Wednesday, April 15, 2020

Sweetie Pie Progress

Just before Christmas Madison asked me if there were any particular projects I wanted to start.  This Sweetie Pie quilt by Lori Holt was at the top of my list.  I had a whole tote full of Farm Girl Vintage scraps and thought the Sweetie Pie quilt would be the perfect way to utilize them.

These Dresden plate "pies" were so fun to make.  I set out to make 2 quilts.  I needed 12 "pies" for each quilt, 16 Dresden shapes for each pie.  Once the scraps came out and I started cutting I just never stopped.  Have you ever lost all track of time and space with your arms buried elbows deep in a box of silky soft, vibrant fabrics?  It is like heaven on earth.

Slice.  Snip.  Dig. Dig.  Slice.  Snip.

Sewn together I ended up with 30 pies!  I only needed 24 for my 2 quilts.  Halfway to a third quilt I hit the scrap pile again....

Slice.  Snip.  Dig. Dig.  Slice.  Snip.


Sew those Dresdens together and.....

ended up with a total of 50 quilt squares :0D 

 Um...enough "pies" for 4 quilts and 2 pillows.
I think I need a support group for my attention deficit overproduction issues.
The things I do when I am not paying attention...

When making one of these quilt blocks all 16 Dresden shapes are sewn together, then the center is cut out to make room for the fruit.  That's how you make "fruit pies" you know.  I haven't decided what I am making with these middles, but aren't they cute all stacked up like this?  

It took a week of my free time hours, but eventually I got all 50 "pies" glued down to the white background blocks, managed to topstich everything down, then sat back feeling pretty accomplished...  

Then I took another look at the pattern...

You see how there are flowers in the corners of all the blocks??? 
Not finished.  4 flowers across, 5 flowers down...that is 20 flowers per quilt. 
 Who let me accidentally expand my 2 quilts to 4 quilts and 2 pillows???

I have a serious "If you give a mouse a cookie" problem when I am elbows deep in fabric.
I contemplated probably 4 days, wondering if I could just not make the flowers.  Do you know how much more background fabric I will need!  And interfacing!!!  Do I even have fabric for the flowers?  I don't want to do that much work!  I will just not do it....  But will my quilts look like there are huge empty spaces???  3 days later...  Fine!  I will make 9 million fabric flowers!

With no other choice but to make 80 flower pieces for my 12,000 quilts it was back to the drawing table, tracing out flowers, flower centers, and white circles to stitch them to.  I did modify the flower shape because there was NO WAY my 80 flowers were going to be made one petal at a time.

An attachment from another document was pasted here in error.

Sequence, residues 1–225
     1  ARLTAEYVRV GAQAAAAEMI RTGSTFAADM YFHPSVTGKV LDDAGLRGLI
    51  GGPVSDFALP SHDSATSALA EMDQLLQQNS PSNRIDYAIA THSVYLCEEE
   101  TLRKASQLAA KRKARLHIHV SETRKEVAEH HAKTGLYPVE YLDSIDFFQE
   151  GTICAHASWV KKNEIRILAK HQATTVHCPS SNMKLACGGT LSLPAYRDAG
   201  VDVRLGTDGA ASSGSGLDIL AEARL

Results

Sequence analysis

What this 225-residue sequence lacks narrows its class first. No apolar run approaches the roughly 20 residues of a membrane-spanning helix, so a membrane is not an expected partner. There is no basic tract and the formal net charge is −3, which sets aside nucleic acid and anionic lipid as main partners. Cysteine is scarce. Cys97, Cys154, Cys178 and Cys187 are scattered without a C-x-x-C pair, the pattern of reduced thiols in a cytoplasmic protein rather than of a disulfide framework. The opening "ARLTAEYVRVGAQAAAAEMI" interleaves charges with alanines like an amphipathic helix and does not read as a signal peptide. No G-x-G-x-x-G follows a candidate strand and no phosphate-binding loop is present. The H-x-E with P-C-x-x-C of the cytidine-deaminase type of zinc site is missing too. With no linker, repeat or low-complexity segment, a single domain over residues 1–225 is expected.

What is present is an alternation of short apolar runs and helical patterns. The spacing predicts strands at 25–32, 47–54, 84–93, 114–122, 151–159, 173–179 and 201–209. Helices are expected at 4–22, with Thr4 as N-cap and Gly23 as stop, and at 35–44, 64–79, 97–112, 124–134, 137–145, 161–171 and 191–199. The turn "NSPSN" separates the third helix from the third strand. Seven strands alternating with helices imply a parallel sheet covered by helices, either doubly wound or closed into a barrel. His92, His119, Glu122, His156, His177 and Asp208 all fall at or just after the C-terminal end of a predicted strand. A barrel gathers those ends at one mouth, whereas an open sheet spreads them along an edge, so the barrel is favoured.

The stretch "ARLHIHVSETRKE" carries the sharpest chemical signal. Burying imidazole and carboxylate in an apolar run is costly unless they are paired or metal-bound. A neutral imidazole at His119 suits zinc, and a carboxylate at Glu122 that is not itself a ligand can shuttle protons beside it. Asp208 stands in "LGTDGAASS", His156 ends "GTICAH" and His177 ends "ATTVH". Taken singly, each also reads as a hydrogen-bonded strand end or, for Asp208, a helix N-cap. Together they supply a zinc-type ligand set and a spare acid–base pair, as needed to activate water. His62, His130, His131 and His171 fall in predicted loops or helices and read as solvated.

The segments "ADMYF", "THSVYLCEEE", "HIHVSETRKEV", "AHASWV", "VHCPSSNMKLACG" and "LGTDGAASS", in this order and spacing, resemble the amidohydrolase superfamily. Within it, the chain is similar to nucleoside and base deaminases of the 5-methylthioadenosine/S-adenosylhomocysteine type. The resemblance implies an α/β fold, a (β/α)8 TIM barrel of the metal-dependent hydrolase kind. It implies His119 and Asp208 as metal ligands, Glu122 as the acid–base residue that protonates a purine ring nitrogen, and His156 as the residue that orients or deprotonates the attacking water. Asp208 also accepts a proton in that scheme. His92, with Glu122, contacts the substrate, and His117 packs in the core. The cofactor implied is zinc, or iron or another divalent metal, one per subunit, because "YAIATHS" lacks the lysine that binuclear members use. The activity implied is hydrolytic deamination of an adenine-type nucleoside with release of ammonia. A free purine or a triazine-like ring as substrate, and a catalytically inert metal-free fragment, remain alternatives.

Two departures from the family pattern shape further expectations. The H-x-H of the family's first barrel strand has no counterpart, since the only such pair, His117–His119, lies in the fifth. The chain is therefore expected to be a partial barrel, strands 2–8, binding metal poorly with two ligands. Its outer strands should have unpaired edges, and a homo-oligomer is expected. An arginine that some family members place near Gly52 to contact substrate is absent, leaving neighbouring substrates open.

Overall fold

Cut again.  
Smooth with tool. 

It's finally time to glue!

I heard a bunch of quilter ladies say they used the school glue technique to baste applique to their quilts.  

The idea is you use washable school glue, 
pipe it on your pieces, 
iron the applique pieces onto your quilt blocks right away to set the glue.  
Sounds easy enough.  The glue is supposed to all wash away.

It seemed everyone recommended buying a special little glue bottle to put the school glue in, cost a fortune for a little nugget of a bottle you would have to re-fill often, small nozzle that clogs often... I decided to just try the regular school glue out of it's original bottle.  Bam!  Magic.  It works just fine.  

Last April I started the Bee Happy quilt.  Used my cheap school glue in it's original bottle.  You could see the glue through fabric here and there while I was making the quilt.  I was worried it would be a problem when I quilted everything together, but it wasn't.  Even on spots with 3 stacked applique pieces on top of the quilt, batting and minky backing.  When I washed the quilt the glue completely dissolved in the wash and a gorgeous masterpiece emerged from the dryer.

So, if you have an applique project, I say go for it.  Skip the tiny bottle with tiny nozzle and just use the bottle of glue the way it was meant to be used, lol!

You can see in my photos I put a regular string of glue around the shape, plop the whole thing on the fabric circle...

Apply heat...  Do you love how gross my mat is?  This is my applique ironing mat.  I plan to make a new cover for it, a cover I can take off and wash...but that takes energy and thought at all the right moments, so ...just a messy board that keeps getting used for school glue applique.  It's fine.

After a week of working during all my free hours I ended up with these 2 stacks.  Stack on the right, not stitched down to the applique circle.  Stack on the left...Done and ready to be sewn to my quilts!

These two stacks have been sitting in my craft room for 2 weeks untouched.  I abandoned them to get a few U.F.O.'s finished {Un-Finished Objects} finished.  After that, face masks for quarantine survival!  I think it is time to get back to this and make at least ONE completed Sweeite Pie quilt.  

Feel free to cross your fingers too in my behalf, lol!


Stitched.  I prefer Mettler invisible thread for top-stitching applique.
Unless you are looking for it, you can't see it.

I am off to bed, but tomorrow begins Thursday Craft Day and hopefully very soon my pile of very lovely fabrics will resemble the quilt above.
Wish me luck!

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